In view of the mandate of the Competition Tribunal, and of the Registry of the Competition Tribunal, in 2013-14 neither the Tribunal nor the Registry, were involved in any projects that could have an adverse environmental effect.

Royal Canadian Mounted Police

During the fiscal year 2013-14, the RCMP used an approach to evaluating the environmental effects of projects on federal lands that is in compliance with the Canadian Environmental Assessment Act, 2012. Projects for which work was conducted outdoors were analyzed based on the following risk factors: project location (e.g. proximity to water bodies frequented by fish), project scale and scope (e.g. significant footprint) and type of operations that pose a higher risk of release of polluting substances. All projects carried out indoors, were considered 'routine' projects and determined to be of low risk with very little or no impact to the external environment. These projects were therefore not further evaluated. For projects outside Canada, the RCMP relied upon and adopted the process used by the Federal Authority responsible for the project.

There were no projects on federal lands or outside Canada in fiscal year 2013-14 where it was determined that significant adverse environmental effects were likely.

Saguenay Port Authority

In all its activities, the Saguenay Port Authority (SPA) ensures that its environmental policy is complied with. This policy establishes the environmental principles to be applied in the management of its facilities, activities and operations on its territory and the planning of future developments. It aims to ensure that activities are planned and implemented according to the following criteria: compliance with the law, preventing and reducing to a minimum any environmental impact, protecting the quality of the environment and a concern to promote sustainable development.

To this end, each new project which may have a negative impact on the environment is the subject of a detailed assessment and a study of the potential environmental impacts is performed using independent experts.

During 2013, no project was deemed likely to cause significant adverse environmental effects.

Sept-Îles Port Authority

The Sept-Îles Port Authority (SIPA) used the draft guidance document to establish the decision-making process in accordance with the requirements of Articles 67 to 69 of the Canadian Environmental Assessment Act, 2012 and determine whether a project on its territory is likely to cause significant adverse environmental effects. After this process streamlined environmental assessment, the SIPA is able to authorize activities that have no anticipated environmental effects or for which conventional mitigation measures can be applied. Projects for which the impact on the environment or human population seem more likely to occur are subject to further assessment of environmental effects (EE) to determine the likelihood of significant adverse environmental effects and to specify the mitigation measures required. The criteria used to determine which projects will follow this approach are based on the risk they pose to cause the release of a polluting substance into the environment or to degrade, disrupt or destroy fish habitat, migratory birds or species at risk and their habitats, or to raise public concerns.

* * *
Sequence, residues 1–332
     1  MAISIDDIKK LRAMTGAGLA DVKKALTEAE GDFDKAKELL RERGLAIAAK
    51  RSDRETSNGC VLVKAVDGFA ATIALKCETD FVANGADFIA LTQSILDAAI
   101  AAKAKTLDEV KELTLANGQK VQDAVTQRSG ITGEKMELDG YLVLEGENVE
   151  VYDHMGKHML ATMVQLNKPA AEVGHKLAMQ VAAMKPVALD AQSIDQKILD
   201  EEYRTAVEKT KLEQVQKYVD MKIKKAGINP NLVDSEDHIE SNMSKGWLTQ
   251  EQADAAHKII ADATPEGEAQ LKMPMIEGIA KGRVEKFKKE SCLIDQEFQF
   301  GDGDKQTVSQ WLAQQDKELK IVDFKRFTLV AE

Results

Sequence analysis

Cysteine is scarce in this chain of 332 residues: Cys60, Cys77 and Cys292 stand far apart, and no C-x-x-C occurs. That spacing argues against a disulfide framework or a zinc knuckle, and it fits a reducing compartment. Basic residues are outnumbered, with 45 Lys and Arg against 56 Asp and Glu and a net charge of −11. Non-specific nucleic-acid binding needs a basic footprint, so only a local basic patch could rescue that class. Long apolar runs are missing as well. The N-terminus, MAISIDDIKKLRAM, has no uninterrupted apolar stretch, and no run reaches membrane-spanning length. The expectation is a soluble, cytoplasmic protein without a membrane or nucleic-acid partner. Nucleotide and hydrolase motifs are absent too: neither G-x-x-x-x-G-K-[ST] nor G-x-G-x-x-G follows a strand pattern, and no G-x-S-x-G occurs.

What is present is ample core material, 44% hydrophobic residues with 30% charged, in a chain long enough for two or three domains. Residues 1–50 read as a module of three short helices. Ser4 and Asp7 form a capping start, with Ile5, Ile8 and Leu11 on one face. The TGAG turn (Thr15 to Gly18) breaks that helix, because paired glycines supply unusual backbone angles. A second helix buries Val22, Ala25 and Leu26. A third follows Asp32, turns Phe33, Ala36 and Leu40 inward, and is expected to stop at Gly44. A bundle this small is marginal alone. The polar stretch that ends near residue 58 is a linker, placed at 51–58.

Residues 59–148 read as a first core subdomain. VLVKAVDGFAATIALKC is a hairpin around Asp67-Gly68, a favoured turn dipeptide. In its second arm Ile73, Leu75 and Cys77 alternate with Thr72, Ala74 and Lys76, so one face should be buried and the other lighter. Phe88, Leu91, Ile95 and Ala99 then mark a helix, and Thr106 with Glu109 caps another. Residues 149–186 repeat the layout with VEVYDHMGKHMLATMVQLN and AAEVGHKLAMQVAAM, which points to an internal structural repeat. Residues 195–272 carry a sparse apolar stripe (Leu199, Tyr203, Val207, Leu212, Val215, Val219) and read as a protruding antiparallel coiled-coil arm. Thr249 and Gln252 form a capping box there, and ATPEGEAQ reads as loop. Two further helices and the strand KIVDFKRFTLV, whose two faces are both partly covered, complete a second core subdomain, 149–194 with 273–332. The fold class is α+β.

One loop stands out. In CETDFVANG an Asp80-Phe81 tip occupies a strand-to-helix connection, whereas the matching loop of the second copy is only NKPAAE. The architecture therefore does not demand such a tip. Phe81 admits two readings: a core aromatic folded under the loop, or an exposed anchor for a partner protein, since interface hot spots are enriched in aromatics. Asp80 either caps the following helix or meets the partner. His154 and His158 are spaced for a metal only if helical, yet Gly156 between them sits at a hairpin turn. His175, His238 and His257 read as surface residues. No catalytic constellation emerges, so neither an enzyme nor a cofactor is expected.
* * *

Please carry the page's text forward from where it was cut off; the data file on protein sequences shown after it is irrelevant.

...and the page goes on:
The projects reviewed by Sept-îles Port Authority in the last period included:

  • The expansion of the SIMEC building, City sector, Sept- Îles, QC.
  • The demolition of a shed on the port terminal of Pointe-aux-Basques, City sector, Sept-Îles, QC.

Social Sciences and Humanities Research Council

The Social Sciences and Humanities Research Council (SSHRC) is the federal research funding agency that promotes and supports postsecondary-based research and training in the humanities and social sciences. The management of funds from SSHRC awards and grants is governed by the Tri-agency Agreement on the Administration of Agency Grants and Awards by Research Institutions (the Agreement), which outlines the responsibilities of organizations that are eligible to administer grants and awards on behalf of SSHRC, NSERC and CIHR. Eligible organizations include, but are not limited to, Canadian universities, colleges and research hospitals. The Agreement includes a requirement (section 3.10) that research institutions assist SSHRC in carrying out its responsibilities under the CEAA 2012 by assisting applicants and providing information upon request.